Neil Ferguson’s ‘Error of Judgment’

·5 min read

Yesterday, the news that the U.K. now has the worst coronavirus death toll in Europe coincided with the Telegraph’s revelation that Neil Ferguson, the lead epidemiologist at Imperial College and key adviser to the British government, had been caught with his pants down, breaking his own social-distancing rules.

Ferguson, you may recall — sometimes nicknamed “Professor Lockdown” — was the chap who warned the government that there could be up to 500,000 deaths if it didn’t immediately change course, maneuvering from a mitigation to a suppression strategy against COVID-19. Such was his influence that, almost overnight, the government abandoned its pursuit of herd immunity, rolling out the biggest restrictions of healthy and law-abiding people’s civil liberties that the country has ever seen. Ferguson strongly believed that his advice would save countless lives, and perhaps it has. But why, then, didn’t he follow it himself?

All while lecturing the public on the importance of cooperating with nationwide house imprisonment, Ferguson was conducting an affair with his married lover, who travelled across London on multiple occasions to “visit” him. The timeline provided by The Telegraph, who broke the story, leaves little room for excuses. It shows that while Ferguson briefed the country to stay put, his lover, superbly cast as the 38-year-old Antonia Staats (get it?), a left-wing activist, was traveling to and fro between her husband, their kids, and her $2 million home for her quarantine rendezvous with her favorite government scientist. As if this story couldn’t get any more bourgeois, the husband apparently wasn’t bothered by this, because the couple have an “open marriage.” It is the kind of story the British press love. Hypocrisy, stupidity, and a brilliant distraction from more pressing (and depressing) matters.

Britain is currently in its seventh week of the lockdowns. In England and Wales, officials dispense a fine for breaking lockdown protocols every five minutes. Hypocrisy is the only remaining sin in secular Britain. Of course, the fact that Staats is married is neither here nor there. Brits no longer expect government officials and advisers to be faithful spouses. The infuriating part is that her first visit coincided with a public warning from Ferguson that lockdown measures were essential and would have to be prolonged. Meanwhile, her subsequent visits occurred after she had told friends that she suspected her husband had contracted COVID-19. Ferguson himself spent two weeks in “complete isolation,” having contracted coronavirus. So, here is a person instructing the country on how to live, in order to “save lives,” via the most draconian measures ever willingly tolerated in a liberal democracy, while flouting his own rules.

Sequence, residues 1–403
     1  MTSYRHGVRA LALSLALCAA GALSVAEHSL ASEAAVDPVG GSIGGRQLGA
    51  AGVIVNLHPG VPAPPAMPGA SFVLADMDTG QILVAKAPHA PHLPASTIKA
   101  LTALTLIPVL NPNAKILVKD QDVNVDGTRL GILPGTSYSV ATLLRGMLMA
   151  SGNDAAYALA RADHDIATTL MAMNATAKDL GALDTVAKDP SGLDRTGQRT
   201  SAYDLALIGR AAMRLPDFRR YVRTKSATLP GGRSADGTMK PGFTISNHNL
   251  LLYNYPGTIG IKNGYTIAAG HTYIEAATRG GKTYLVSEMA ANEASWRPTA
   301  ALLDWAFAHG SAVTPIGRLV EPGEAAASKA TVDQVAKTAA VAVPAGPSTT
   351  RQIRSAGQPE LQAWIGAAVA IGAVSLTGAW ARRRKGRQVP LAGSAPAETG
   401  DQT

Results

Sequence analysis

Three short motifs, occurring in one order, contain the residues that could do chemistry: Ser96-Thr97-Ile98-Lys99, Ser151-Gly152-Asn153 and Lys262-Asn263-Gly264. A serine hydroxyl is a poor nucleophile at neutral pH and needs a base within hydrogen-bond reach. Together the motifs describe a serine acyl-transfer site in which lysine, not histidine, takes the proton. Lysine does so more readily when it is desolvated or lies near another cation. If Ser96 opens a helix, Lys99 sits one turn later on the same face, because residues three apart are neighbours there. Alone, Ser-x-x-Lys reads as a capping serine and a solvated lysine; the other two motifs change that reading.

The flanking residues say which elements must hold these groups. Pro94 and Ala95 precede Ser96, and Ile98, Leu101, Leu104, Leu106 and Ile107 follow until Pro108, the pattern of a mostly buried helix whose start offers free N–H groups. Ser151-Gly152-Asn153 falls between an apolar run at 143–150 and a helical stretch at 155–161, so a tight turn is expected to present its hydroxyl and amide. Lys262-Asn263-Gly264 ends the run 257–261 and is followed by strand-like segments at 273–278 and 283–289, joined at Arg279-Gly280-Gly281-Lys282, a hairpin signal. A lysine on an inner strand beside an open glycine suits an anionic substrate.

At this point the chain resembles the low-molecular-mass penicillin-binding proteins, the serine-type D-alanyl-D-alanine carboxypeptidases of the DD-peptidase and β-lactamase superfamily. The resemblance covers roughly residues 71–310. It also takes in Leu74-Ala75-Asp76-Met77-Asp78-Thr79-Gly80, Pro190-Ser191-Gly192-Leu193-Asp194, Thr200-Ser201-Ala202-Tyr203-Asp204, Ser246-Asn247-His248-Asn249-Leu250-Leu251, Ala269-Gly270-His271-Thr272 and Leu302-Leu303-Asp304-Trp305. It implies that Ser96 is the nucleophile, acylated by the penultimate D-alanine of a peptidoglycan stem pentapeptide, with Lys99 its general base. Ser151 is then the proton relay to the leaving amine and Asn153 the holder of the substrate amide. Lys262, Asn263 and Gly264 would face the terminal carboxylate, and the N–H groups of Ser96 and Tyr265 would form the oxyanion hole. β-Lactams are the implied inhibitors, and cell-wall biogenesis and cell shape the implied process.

“I made an error of judgment and took the wrong course of action,” Ferguson said in a statement. “I deeply regret any undermining of the clear messages around the continued need for social distancing to control this devastating epidemic. The Government guidance is unequivocal and is there to protect all of us.” His I’m sorry I was caught apology resembles the one used a month ago by Scotland’s chief medical officer, Catherine Calderwood, who was forced to resign after twice visiting her holiday home against government advice. “People across Scotland know what they need to do to reduce the spread of this virus and that means they must have complete trust in those who give them advice,” she said.

When asked by a journalist whether he thinks Ferguson ought to be prosecuted, Matt Hancock, the health minister, said that would be a matter for the police. In the meantime, Ferguson will now “step back” from his involvement in SAGE, the government’s Scientific Advisory Group for Emergencies. Ferguson’s critics will be enjoying his fall from grace. Though the lockdowns are generally popular in Britain, some feel that the U.K. made a mistake in departing from the “herd immunity” strategy, similar to Sweden’s, and that policymakers have become overly reliant on “science” based on incomplete data and ever-shifting models that often prove wrong.

In 2005, Ferguson said that up to 200 million people could be killed from the bird flu. But only 282 people died worldwide between 2003 and 2009. In 2009, he predicted that the swine flu would, as a “reasonable worst-case scenario,” cause 65,000 deaths. It killed 457. In 2001, his team at Imperial advised that 6 million cattle, sheep, and pigs be killed, costing the British economy £10 billion ($12 billion) — a move that was criticized by fellow professionals as a “serious error.” In relation to the coronavirus, the Stanford team under John Ioannidis says that the Imperial model is based on assumptions that could lead the predicted death-toll numbers to be “substantially inflated.” The Telegraph, in its report on Ferguson’s fall from grace, was sure to include these faulty predications as well.

So Ferguson made an “error of judgment” in breaking his own social-distancing rules, but does mean that he is also wrong in his coronavirus modeling? Not necessarily. The bigger story from yesterday is that the U.K. has the worst coronavirus death rates in Europe. It’s quite possible that a future public inquiry will reveal that this was due to the government’s slow, indecisive initial response. And that Ferguson is just one part of a much larger story about lousy leadership.

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